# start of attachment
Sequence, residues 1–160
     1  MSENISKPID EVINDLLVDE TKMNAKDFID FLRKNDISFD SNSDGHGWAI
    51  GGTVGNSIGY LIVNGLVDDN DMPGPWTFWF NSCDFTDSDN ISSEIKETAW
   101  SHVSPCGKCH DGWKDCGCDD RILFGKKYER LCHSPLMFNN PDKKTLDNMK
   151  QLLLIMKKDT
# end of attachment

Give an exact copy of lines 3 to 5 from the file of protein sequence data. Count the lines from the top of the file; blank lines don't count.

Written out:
    51  GGTVGNSIGY LIVNGLVDDN DMPGPWTFWF NSCDFTDSDN ISSEIKETAW
   101  SHVSPCGKCH DGWKDCGCDD RILFGKKYER LCHSPLMFNN PDKKTLDNMK
   151  QLLLIMKKDT